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Are CIOs being given the strategic role they deserve?

CIO Australia staff | Nov. 29, 2012
The business role of the CIO -- focusing on transforming the organisation with technology that drives efficiency, opens up new markets, products and services -- can be much more exciting than the traditional break/fix role. The CIO and the IT department underpin, and in some cases drive, this move.

So can outsourcing provide the grunt power in the 'lights on' area to allow CIOs to be more strategic? A third of respondents to the survey estimated that in five years' time, 20 per cent of their activities will be outsourced. Eggenhuizen says whether IT support/activities are outsourced or in-house is dependent upon a number of factor and businesses often cycle through both modes as circumstances change. He adds that this applies to schools as much as commercial business.

"The cycling usually occurs as a result of a number of factors including: budgetary demands; failing infrastructure, processes and policies; lack of staff expertise; lack of vision and strategic planning; poor decision-making; lack of teamwork; complacency and so on."

Bailey feels that outsourcing is becoming more effective as products and services are further commoditised.

"The true value of IT lies in our ability to work effectively with our business colleagues on their pain points and help them find appropriate solutions," he says. "I see no value in running my own data centre or WAN, there is no competitive advantage in that."

CIO asked the most senior IT executives in many organisations, supporting an average of 4000 internal users, what their key priorities were over the next 12 months.

Perhaps one of the most encouraging findings from online surveys with these IT leaders is that only 23 per cent of respondents said the business viewed the IT organisation as a cost centre, down from 36 per cent in 2011.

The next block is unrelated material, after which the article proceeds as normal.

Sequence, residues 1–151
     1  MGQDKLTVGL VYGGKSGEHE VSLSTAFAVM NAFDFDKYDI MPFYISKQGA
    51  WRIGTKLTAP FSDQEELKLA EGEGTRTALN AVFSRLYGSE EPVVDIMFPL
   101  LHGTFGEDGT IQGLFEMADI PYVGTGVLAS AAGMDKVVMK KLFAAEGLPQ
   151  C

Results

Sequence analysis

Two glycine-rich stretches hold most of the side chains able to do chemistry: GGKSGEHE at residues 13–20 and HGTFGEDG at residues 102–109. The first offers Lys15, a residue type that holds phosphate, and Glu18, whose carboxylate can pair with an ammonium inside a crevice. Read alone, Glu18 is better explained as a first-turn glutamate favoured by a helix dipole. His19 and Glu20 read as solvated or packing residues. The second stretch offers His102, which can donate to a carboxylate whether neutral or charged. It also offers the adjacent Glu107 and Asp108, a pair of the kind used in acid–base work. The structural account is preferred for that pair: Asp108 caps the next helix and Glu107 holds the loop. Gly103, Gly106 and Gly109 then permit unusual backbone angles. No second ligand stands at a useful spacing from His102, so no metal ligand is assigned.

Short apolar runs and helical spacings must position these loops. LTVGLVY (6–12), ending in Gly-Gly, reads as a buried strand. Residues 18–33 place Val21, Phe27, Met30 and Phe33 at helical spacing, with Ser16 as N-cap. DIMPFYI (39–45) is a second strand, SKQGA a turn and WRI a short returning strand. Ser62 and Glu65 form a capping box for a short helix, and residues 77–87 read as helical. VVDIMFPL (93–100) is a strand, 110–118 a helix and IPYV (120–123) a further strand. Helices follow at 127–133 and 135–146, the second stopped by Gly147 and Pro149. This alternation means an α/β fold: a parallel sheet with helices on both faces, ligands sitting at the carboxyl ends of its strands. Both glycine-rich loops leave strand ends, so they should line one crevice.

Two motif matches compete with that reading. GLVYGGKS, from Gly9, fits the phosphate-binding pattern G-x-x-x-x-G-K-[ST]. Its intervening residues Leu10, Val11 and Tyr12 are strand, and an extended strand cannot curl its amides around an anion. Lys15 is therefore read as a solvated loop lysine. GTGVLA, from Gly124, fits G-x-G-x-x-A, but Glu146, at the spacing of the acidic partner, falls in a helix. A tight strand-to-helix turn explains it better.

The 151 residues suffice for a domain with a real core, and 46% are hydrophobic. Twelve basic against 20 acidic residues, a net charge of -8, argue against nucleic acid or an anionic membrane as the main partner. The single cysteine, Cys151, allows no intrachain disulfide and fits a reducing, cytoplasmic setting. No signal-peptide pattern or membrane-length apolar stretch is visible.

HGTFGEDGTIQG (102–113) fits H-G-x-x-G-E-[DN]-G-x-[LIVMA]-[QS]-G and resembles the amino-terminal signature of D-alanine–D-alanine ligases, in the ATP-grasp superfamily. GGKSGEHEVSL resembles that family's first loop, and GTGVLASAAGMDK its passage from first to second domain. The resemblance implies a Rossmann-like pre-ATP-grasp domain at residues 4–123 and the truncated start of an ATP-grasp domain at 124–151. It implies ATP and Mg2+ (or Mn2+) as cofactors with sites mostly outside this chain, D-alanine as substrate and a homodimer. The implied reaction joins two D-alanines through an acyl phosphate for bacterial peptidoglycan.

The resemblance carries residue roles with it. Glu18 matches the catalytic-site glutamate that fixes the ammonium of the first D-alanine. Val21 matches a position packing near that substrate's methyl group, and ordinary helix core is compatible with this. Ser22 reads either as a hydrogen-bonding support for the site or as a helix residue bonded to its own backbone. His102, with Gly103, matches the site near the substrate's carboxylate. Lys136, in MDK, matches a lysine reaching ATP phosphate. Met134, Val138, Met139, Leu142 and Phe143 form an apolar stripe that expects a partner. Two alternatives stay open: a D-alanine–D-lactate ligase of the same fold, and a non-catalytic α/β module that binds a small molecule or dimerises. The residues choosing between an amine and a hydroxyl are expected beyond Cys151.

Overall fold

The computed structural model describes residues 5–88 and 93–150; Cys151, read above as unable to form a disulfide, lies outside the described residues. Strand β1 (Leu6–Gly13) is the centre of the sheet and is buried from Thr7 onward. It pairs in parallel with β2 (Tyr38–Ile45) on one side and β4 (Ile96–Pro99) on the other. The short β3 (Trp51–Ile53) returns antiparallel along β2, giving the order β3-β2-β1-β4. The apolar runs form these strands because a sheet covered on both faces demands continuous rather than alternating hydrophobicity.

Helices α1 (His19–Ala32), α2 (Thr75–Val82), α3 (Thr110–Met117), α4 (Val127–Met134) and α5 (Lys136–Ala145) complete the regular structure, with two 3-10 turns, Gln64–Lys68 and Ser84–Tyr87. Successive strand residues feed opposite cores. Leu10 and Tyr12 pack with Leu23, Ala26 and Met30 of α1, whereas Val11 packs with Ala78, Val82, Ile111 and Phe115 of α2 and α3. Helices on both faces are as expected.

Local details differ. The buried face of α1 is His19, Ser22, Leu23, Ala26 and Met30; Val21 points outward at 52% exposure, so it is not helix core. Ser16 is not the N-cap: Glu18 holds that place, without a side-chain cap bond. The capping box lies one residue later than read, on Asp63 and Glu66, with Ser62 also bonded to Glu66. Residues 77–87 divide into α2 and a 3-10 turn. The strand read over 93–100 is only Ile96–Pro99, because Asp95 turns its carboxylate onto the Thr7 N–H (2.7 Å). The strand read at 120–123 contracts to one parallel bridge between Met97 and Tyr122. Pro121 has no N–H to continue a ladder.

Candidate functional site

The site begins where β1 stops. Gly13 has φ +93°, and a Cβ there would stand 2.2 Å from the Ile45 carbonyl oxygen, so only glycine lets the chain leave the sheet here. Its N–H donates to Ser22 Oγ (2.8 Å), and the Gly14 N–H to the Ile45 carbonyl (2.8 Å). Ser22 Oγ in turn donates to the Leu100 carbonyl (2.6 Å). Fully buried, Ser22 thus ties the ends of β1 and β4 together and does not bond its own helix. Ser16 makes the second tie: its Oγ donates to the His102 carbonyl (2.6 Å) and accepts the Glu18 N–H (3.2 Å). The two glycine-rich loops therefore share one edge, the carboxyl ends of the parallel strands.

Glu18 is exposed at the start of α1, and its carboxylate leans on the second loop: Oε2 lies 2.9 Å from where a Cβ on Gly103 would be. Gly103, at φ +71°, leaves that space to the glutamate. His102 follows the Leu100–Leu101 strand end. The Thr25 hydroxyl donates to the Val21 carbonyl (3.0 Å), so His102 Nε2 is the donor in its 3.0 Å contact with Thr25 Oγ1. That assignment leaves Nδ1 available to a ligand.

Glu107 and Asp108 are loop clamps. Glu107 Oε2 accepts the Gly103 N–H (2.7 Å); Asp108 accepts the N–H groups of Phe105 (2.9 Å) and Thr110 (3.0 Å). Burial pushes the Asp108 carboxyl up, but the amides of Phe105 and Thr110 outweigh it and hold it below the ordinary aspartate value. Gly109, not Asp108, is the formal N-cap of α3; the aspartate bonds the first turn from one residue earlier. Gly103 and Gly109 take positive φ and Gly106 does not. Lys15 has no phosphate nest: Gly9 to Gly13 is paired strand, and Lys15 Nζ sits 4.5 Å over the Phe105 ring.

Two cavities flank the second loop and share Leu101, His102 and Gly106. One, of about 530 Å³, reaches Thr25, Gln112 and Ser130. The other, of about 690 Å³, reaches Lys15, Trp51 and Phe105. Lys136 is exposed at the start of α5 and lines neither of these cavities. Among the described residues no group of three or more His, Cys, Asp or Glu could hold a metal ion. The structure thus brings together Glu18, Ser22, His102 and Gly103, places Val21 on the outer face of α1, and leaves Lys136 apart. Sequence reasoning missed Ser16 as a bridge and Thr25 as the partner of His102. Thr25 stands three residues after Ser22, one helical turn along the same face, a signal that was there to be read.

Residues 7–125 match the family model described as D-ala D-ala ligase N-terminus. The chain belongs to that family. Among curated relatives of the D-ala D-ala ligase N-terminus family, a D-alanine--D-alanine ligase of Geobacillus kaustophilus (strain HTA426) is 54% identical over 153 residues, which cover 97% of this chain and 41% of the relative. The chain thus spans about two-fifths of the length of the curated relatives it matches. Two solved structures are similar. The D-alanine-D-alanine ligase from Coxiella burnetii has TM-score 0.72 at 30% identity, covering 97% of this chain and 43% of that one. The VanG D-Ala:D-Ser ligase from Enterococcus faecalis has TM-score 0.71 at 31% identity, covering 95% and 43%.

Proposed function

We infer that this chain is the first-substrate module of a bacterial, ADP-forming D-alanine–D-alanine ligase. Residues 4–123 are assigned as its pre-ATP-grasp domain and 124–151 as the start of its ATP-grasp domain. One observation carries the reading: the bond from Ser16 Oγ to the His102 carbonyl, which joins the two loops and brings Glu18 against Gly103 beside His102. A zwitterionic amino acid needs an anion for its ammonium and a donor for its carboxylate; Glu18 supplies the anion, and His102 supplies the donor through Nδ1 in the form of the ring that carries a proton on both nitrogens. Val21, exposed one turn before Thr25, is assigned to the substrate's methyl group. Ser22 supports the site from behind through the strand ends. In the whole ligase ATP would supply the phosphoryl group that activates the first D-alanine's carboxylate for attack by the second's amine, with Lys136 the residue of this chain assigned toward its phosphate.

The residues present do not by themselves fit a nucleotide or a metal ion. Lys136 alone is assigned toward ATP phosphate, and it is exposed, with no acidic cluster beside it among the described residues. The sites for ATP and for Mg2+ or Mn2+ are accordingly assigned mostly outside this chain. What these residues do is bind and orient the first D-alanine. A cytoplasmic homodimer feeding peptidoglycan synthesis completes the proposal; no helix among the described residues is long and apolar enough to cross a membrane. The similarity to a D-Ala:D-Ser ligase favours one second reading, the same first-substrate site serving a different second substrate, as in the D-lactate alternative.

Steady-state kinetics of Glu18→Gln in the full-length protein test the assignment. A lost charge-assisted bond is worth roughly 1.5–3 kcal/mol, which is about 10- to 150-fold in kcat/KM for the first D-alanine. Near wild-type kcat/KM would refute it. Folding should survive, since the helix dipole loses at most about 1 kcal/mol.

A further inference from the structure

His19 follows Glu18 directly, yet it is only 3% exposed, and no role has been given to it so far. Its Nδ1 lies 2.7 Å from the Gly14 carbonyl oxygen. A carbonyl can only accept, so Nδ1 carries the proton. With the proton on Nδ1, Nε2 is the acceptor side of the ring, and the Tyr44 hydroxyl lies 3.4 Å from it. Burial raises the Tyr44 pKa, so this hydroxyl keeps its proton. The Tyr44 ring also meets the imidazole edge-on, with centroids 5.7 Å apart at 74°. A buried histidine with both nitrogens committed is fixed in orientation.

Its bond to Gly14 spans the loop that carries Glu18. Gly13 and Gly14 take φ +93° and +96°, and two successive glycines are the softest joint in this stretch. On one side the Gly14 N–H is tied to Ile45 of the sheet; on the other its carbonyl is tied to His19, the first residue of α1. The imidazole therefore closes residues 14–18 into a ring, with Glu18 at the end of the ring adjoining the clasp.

Some of the key findings included:

More strategic thinking

61 per cent of their time is spent on strategic thinking and planning

46 per cent on improving IT operations and system performance

43 per cent on aligning IT initiatives with business goals

37 per cent on tapping expertise to run the IT function

35 per cent on change leadership.

Technology priorities

56 per cent said mobile technologies was their top technology priority

40 per cent said business intelligence and analytics

37 per cent said updating legacy systems

28 per cent said cloud: software-as-a-service

27 per cent said collaboration technologies.

IT management priorities

54 per cent said improving business processes was their top IT management priority

48 per cent said increasing IT capacity and resources to drive innovation

45 per cent said marketing the IT department so the business has a better understanding of IT's capabilities and processes

37 per cent said lowering IT's operational costs to free up money for new initiatives

30 per cent said increasing the scope of IT's centralised or shared services to improve efficiency.

Technology trends that matter to CIO

32 per cent said mobility mattered the most

30 per cent said cloud computing

15 per cent said big data

12 per cent said consumerisation

10 per cent said social media.


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